Restricting Euro Hinge Swing
A cabinetmaker gets advice on preventing a glass door from swinging too wide and contacting an appliance. September 23, 2006
I just finished a cabinet job and the owner pointed out a minor detail to me which could come back to haunt me. One of the uppers - which is tight to the right of the stainless steel range hood - has a single door hinged left with Blum 120º clip-on hinges.
When the door is opened the panel hits the range hood at about 95º. This would not really be an issue if the panel was wood (a couple of discreetly placed fisheye door bumpers on the hood would solve the problem) but these uppers have expensive glass panels. While the owners are aware of this and say they'll be careful I think it's just a matter of time before a guest - or someone - opens the door a bit too robustly and I would have to shell out for another $60.00 piece of German New Antique glass. I've searched for 75º euro hinges or something similar, or other means of stopping the swing before 90º, but have not had any luck. Can anyone help?
From contributor A:
Buy some thin chrome chain from H.D. and screw it into the top of the cabinet inside and cut it to the required length so that when you screw the other end to the door frame the door only opens 90 degrees or less. It’s not beautiful, but it's inside and cannot be seen unless glass is clear.
From the original questioner:
Thanks, but the glass is clear. This is an idea, though - some kind of added restriction.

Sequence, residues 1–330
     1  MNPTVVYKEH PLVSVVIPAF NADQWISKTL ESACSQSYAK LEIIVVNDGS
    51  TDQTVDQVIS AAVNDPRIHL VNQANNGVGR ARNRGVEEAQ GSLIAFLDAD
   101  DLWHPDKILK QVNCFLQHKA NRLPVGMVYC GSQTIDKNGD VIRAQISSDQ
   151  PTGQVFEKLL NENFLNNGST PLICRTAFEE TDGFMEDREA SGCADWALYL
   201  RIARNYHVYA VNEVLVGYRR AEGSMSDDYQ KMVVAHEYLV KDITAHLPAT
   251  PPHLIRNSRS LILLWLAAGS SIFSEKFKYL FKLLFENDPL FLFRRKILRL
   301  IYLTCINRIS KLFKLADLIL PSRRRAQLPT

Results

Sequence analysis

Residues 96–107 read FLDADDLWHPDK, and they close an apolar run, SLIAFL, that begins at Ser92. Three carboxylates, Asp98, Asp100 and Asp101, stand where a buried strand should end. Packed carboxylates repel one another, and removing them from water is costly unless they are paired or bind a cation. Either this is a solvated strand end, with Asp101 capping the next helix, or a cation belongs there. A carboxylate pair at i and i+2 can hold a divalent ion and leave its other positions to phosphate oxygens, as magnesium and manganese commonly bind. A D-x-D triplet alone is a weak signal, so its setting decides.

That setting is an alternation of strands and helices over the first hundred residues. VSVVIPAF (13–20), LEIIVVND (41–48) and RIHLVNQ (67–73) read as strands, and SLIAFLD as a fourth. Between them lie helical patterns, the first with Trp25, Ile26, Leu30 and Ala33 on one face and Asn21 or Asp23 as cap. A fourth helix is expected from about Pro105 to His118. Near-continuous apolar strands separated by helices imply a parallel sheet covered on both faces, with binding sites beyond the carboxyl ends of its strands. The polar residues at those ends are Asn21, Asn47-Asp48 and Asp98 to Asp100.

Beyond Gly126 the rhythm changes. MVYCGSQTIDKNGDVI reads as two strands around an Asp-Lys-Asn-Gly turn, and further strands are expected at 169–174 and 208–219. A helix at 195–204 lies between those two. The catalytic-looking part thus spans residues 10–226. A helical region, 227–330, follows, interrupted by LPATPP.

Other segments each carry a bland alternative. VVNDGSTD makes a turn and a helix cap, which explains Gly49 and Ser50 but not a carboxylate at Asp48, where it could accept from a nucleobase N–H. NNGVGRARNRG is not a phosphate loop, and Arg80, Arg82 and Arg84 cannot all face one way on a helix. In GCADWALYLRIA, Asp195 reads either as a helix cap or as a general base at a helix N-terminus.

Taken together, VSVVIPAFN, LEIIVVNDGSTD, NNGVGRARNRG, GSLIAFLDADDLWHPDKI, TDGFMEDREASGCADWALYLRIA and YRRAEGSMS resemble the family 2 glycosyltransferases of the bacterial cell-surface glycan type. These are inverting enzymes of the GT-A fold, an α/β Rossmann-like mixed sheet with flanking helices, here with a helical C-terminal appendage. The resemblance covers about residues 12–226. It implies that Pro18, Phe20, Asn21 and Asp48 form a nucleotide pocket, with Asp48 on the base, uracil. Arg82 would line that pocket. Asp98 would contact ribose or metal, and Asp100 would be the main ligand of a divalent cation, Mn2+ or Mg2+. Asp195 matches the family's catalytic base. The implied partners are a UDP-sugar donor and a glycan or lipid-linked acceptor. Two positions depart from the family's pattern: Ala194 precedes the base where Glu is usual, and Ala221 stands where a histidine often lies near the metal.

From contributor B:
Look at different lid stays. Mount it to the top of the door and the cabinet. Hafele has a number of different types, sizes and styles.
From contributor C:
Check with your Blum rep or Blum tech support. Euro hinge manufacturers such as Hettich, Mepla and Salice have offered a spring clip that stops a door at 90° for wide opening hinges.
From contributor D:
Try this: use Blum 107 deg hinge, and buy an angle restriction clip - b074.1103. They are under $.50 and stop the door at 86 degrees. The hinge comes in Inserta - press in, and screw on.
From contributor E:
I think it's great that you are thinking ahead and being responsible, but I don't think that if they break the glass that you should be the one to pay for it. We can't solve every problem for every person. This is not to say you shouldn't change the hinges if you can find one that works. That’s good customer service.
From contributor F:
I agree with contributor C, you need the clips. Check your Blum catalog, I think they are called reduction clips or limit clips.
From contributor G:
A Blum thick door hinge (which works on either a thick door or regular door) only opens 95 degrees.
From contributor H:
Blum has a hinge reduction clip that reduces the 107 degree hinge to 86 degrees.